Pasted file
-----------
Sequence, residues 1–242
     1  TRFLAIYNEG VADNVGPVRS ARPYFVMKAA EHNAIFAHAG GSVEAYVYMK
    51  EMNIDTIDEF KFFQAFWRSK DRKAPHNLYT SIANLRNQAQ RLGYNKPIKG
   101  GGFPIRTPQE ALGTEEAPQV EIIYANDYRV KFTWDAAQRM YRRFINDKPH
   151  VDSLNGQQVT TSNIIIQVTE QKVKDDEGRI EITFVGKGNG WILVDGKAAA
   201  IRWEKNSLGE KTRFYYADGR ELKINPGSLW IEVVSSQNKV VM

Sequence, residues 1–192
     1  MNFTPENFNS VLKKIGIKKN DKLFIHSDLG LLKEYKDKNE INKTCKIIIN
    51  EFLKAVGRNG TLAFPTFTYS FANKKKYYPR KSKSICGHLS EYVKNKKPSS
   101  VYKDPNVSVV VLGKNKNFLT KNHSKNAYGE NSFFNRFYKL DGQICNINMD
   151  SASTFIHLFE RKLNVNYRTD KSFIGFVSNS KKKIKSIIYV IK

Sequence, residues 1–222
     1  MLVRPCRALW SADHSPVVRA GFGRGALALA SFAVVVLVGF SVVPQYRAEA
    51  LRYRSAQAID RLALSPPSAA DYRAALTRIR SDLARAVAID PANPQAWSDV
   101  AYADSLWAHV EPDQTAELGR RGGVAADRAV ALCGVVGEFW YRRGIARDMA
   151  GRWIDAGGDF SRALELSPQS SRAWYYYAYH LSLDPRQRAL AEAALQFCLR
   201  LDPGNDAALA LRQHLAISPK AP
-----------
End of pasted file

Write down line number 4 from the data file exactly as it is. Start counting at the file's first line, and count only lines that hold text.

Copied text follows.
   101  GGFPIRTPQE ALGTEEAPQV EIIYANDYRV KFTWDAAQRM YRRFINDKPH